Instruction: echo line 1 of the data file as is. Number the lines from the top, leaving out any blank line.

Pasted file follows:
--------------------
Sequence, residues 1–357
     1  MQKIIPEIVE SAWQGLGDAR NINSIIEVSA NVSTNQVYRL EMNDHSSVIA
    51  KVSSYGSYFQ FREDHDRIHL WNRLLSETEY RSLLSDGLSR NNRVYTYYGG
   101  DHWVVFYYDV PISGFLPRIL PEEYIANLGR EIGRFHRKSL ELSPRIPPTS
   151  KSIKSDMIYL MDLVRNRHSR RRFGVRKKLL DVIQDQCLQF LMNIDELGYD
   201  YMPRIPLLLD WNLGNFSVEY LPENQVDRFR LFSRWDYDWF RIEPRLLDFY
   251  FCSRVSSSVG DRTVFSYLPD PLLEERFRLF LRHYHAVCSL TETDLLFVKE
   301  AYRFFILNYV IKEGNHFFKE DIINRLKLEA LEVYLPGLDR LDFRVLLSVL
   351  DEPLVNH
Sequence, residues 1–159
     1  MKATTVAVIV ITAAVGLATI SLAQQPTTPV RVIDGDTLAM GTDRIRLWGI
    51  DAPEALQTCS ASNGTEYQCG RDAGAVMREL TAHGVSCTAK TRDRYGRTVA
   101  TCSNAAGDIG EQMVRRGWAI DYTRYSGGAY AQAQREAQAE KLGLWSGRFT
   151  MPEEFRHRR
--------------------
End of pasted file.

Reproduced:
Sequence, residues 1–357